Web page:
Figure 7
Continue...
Figure 8
Finally the algorithm finishes by clearing the deque with no vertex to add to it.
🖥️Code implementation in Python
Below shows the implementation of D’EsopoPape with respect to the graph shown in Figure 1.
from collections import deque
class Graph:
"""
This is the init method who initializes the field of this class,
initialize the num_of_vertexes to the number of vertexes as input from argument
initialize the num_of_edges to zero
initialize the adj_list G and set the key as 0 to num_of_vertexes  1 (from vertex)
and value as a tuple (to_vertex, edge weight)
"""
def __init__(self, num_of_vertexes):
self.num_of_vertexes = num_of_vertexes
self.num_of_edges = 0
self.G = {v: list() for v in range(num_of_vertexes)}
def add_edge(self, src, dest, w, bi=False):
"""
This method allows addition of edge into graph by mutating the adj_list,
everytime a source > destination with weight, the adj_list is mutated such that
(destination, weight) is added into key = source. bi = True means it is added
in two directions, source > destination with weight and destination > source with weight
Parameter:
src: an int, source vertex
dest: an int, destination vertex
w: an int, weight, cost required to traverse from source not to destination vertex
bi: a boolean, whether the edge is undirected, default to False for directed edge
Return:
None
"""
if bi:
self.G[src].append((dest, w))
self.G[dest].append((src, w))
else:
self.G[src].append((dest, w))
def run_DEP(self, src):
"""
This method runs D'EsopoPape algorithm it is a breadthfirst algorithm
Parameter:
src: an int, source from which all vertexes cost is connected
Return:
cost_to_v: a hashmap, cost to every vertex v from src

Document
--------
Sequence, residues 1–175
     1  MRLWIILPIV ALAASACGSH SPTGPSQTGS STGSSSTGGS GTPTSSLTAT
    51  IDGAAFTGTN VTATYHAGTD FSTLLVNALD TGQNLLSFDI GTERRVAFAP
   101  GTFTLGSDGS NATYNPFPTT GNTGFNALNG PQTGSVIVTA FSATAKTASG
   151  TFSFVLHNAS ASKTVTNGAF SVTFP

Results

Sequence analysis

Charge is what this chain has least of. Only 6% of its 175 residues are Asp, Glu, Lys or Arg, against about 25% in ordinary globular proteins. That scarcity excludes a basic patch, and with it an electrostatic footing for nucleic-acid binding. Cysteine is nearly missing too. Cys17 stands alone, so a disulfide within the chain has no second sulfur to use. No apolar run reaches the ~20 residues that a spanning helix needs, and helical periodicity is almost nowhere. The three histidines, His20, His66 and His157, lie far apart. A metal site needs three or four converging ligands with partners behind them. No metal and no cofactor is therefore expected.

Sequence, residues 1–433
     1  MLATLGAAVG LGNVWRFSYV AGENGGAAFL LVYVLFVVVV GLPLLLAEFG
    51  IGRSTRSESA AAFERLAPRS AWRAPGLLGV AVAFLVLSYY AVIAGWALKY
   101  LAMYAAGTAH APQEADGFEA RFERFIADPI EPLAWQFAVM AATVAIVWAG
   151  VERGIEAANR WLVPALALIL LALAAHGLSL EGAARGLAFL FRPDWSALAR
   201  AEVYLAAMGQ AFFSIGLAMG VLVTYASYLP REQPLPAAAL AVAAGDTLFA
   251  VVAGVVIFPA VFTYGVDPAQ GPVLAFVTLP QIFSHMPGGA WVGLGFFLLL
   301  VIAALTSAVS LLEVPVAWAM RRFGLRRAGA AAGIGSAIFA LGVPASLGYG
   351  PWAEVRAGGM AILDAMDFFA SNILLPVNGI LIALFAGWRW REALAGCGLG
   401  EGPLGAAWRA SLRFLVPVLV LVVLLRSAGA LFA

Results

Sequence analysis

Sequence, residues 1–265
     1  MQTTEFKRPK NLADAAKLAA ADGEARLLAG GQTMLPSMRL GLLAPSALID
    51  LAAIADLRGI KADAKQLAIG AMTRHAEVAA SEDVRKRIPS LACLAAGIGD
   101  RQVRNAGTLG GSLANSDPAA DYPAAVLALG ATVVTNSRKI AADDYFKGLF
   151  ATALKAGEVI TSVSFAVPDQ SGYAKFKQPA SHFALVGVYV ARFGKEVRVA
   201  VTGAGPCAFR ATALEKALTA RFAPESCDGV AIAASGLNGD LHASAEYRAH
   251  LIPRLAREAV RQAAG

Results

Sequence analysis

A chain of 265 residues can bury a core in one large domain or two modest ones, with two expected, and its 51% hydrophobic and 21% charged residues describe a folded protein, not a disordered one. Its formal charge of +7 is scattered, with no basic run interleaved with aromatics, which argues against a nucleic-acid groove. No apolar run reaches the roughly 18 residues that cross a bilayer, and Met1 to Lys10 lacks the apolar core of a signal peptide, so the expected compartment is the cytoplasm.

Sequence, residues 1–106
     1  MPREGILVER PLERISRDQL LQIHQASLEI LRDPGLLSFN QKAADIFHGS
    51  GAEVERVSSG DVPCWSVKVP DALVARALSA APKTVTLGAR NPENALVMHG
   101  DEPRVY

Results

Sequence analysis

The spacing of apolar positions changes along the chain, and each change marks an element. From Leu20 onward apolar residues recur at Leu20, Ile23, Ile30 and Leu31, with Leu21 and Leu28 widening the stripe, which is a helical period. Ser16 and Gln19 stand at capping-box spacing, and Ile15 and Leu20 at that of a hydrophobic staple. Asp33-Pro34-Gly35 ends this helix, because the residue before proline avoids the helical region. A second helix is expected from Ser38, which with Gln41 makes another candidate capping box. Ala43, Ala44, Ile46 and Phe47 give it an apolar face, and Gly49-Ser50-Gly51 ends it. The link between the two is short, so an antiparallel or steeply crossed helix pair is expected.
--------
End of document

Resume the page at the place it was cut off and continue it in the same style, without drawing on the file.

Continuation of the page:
prev: a hashmap, previous vertex for which each vertexes is traversed
"""
# Initialize the cost from src to each vertex to infinity
cost_to_v = [float("inf") for v in range(self.num_of_vertexes)]
# Initialize the previous vertex from each every vertex is reached from
prev = [None for v in range(self.num_of_vertexes)]
de = deque()
# A list to decide if vertexes are in this array
# 1 at ith index means vertex i has never joined the queue
# 0 at ith index means vertex i has joined the queue but currently not in queue
# 1 at ith index means vertex i has joined the queue currently
memo = [1] * self.num_of_vertexes
cost_to_v[src] = 0
de.append(src)
# Initialize an array for visited
while len(de) > 0:
# Get the next vertex
u = de.popleft()
memo[u] = 0
for (v, w) in self.G[u]:
# Modify the cost_to_v only if there is a shorter path
alt_cost = cost_to_v[u] + w
if alt_cost < cost_to_v[v]:
cost_to_v[v] = alt_cost
prev[v] = u
if memo[v] == 1:
# if the vertex v has never joined the queue, append to back
memo[v] = 1
de.append(v)
elif memo[v] == 0:
# if the vertex v has joined the queue before, append to front
memo[v] = 1
de.appendleft(v)
return cost_to_v, prev
if __name__ == "__main__":
g = Graph(5)
g.add_edge(0, 1, 6, bi=True)
g.add_edge(1, 2, 5, bi=True)
g.add_edge(4, 2, 5, bi=True)
g.add_edge(3, 4, 1, bi=True)
g.add_edge(0, 3, 1, bi=True)
g.add_edge(1, 3, 2, bi=True)
g.add_edge(1, 4, 2, bi=True)
for src, neigh in g.G.items():
print(src, ": ", neigh)
cost_to_v, prev = g.run_DEP(0)
print(cost_to_v)
print(prev)
print()
⌛💫3. Complexity of D’EsopoPape Algorithm
⌛Time complexity and best use case
Intuitively, D’EsopoPape Algorithm is more efficient then Dijkstra's Algorithm (Priority Queue implementation) in most spare graph traversal since the latter requires maintenance of min binary heap with O(log V) runtime for extract_min and decrease_cost functions, but the former only uses a deque to pop and append vertexes with constant runtime.